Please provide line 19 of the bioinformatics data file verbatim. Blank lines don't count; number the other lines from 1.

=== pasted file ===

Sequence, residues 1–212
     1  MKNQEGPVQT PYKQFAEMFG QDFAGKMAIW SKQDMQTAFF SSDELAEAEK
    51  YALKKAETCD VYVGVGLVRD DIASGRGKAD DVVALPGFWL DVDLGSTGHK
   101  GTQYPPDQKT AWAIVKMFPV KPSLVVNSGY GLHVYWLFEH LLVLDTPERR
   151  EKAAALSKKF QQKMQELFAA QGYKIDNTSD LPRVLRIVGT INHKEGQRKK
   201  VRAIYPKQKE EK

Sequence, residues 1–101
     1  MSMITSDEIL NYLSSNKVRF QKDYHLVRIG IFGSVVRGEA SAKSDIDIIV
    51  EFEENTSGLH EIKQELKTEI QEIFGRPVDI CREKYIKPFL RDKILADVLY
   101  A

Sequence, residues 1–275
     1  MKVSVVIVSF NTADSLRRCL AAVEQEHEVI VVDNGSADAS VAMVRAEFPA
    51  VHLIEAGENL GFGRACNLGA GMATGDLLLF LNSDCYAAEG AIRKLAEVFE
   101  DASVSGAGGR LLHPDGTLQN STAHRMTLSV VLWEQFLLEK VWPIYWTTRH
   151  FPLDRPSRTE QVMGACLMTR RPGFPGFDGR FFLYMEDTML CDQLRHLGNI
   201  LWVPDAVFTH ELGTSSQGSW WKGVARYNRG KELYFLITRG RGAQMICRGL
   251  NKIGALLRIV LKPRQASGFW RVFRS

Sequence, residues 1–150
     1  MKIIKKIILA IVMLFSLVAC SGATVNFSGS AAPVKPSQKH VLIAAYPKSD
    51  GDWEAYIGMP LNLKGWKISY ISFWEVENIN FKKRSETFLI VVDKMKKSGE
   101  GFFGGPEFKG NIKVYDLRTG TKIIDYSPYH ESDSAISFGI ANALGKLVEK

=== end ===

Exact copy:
     1  MKIIKKIILA IVMLFSLVAC SGATVNFSGS AAPVKPSQKH VLIAAYPKSD